The aesthetic, too, is spot-on. The hand-drawn character illustrations are great, their small details acting as a great counterpoint to the minimalist pastel landscapes as they roll by—bold and impressive, much like the rest of the game.Still, Aurelia isn’t without its problems; how it handles replayability is a major one.
One playthrough from beginning to end will take roughly fifteen minutes, dependent on the route you take and the contempt you hold for the rules of the road. Any longevity comes from the fact that Aurelia boasts sixteen separate endings. The issue that presents itself is that getting these endings often requires very minute changes—avoiding a hitch-hiker here or parting ways with a passenger there—which mean that all gameplay leading up to that point is just a re-run of what you’ve already seen.
The variable dialogue is to some extent able to mix things up, but after just a few do-overs things can begin to get very repetitive.
Not to mention actually finding these endings in the first place, which can be a tricky feat, with little to no hints of which changes will have an effect on the conclusion. This often leads to the same ending being achieved by mistake while seeking out something different.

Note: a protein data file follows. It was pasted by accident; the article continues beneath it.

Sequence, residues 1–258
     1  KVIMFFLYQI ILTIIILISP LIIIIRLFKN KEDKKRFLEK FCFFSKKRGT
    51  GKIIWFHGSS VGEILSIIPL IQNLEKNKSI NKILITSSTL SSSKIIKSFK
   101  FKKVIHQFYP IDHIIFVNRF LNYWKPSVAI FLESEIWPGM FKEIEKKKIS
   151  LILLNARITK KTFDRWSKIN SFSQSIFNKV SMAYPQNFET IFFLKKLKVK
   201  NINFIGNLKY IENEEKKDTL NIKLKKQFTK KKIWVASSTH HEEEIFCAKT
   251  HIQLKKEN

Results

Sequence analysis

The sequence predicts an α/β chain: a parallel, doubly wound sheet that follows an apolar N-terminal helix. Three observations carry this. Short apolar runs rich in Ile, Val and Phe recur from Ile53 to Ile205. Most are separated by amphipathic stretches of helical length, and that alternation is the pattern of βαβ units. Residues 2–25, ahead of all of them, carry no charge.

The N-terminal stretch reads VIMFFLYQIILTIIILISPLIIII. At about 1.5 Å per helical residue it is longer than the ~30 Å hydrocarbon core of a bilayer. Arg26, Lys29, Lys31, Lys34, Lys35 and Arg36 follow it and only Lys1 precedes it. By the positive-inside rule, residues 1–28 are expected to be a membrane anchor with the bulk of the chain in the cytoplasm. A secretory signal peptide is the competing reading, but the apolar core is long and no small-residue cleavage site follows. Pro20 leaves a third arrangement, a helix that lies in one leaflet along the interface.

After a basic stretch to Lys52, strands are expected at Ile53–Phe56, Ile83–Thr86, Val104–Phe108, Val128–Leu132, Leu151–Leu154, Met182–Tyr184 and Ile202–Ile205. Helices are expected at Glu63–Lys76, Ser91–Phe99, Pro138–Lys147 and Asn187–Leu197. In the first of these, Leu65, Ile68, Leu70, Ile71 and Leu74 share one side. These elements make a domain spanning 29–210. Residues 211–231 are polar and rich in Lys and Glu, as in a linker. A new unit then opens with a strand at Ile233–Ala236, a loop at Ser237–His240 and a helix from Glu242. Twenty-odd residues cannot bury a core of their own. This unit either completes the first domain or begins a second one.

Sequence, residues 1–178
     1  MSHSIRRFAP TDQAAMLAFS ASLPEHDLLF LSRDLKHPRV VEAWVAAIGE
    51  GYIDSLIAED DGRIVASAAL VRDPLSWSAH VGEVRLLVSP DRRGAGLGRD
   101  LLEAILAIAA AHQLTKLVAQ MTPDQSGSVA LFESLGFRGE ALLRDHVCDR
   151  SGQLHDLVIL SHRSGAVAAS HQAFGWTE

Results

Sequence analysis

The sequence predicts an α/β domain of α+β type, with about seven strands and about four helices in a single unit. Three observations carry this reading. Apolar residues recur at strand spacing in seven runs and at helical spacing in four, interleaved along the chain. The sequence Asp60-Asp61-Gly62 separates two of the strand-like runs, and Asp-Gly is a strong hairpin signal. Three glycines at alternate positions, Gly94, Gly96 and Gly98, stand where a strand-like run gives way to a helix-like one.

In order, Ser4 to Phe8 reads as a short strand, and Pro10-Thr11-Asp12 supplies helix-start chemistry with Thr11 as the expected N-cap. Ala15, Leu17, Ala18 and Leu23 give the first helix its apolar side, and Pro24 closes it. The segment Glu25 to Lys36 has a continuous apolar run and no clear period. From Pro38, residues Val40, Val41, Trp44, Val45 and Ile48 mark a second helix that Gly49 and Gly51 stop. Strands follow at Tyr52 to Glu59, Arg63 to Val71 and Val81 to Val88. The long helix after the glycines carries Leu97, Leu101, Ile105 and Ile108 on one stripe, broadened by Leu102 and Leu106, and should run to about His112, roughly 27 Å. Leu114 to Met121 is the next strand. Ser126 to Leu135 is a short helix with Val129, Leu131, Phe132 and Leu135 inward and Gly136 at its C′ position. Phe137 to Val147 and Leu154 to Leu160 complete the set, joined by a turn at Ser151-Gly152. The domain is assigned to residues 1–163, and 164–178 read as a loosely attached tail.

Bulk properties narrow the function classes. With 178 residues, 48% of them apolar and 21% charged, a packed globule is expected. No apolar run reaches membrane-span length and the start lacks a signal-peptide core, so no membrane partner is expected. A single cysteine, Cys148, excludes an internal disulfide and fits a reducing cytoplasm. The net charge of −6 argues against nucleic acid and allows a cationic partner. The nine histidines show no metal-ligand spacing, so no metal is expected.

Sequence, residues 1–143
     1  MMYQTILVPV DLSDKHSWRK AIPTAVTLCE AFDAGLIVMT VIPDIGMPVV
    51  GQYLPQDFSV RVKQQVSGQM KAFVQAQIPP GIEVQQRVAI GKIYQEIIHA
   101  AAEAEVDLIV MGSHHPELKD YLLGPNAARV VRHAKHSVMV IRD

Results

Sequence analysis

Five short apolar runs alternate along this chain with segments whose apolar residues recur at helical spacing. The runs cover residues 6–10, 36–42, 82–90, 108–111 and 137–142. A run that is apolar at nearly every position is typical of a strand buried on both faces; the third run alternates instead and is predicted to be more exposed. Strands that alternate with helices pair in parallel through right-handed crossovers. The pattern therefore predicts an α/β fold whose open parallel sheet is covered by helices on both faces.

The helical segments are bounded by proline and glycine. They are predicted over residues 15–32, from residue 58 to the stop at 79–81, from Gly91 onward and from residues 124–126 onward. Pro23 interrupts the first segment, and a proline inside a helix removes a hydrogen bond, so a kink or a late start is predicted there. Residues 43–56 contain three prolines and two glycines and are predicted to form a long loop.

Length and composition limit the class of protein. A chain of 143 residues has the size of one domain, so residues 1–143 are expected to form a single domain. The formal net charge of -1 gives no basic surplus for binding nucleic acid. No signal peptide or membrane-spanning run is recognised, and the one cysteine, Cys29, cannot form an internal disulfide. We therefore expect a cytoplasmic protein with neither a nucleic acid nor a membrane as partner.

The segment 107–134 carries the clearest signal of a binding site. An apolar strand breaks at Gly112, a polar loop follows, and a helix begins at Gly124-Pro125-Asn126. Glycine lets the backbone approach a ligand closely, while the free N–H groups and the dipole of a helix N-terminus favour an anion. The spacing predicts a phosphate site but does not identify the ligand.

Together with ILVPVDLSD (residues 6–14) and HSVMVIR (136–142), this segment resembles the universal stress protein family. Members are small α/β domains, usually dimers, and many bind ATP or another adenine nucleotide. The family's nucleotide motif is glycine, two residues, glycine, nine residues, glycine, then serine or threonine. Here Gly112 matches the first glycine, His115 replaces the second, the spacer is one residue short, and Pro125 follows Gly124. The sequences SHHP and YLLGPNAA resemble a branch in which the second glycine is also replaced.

Those who do achieve every ending would likely find that the process, while immensely rewarding, comes with an undue amount of frustration. (As of writing, I have yet to find a number of endings for the reasons previously mentioned.) This acts as an unfortunate barrier to something which warrants exhaustive playing.
To offer a more trifling criticism, there are a few typos scattered here and there in the dialogue. They’re never enough to take you out of the narrative, but nonetheless it’s an issue that should have been addressed by the point of full release.
But it would be remiss to end on a negative for this review of a very, very special game. Wheels of Aurelia is a narrative triumph, with dialogue that has more to say than the vast majority of games would ever dare. It has an acute social and political awareness, it has an intimate knowledge of its west Italian setting and it knows to play to its strengths by keeping the driving secondary, never letting the road overwhelm the trip. And what a trip it is.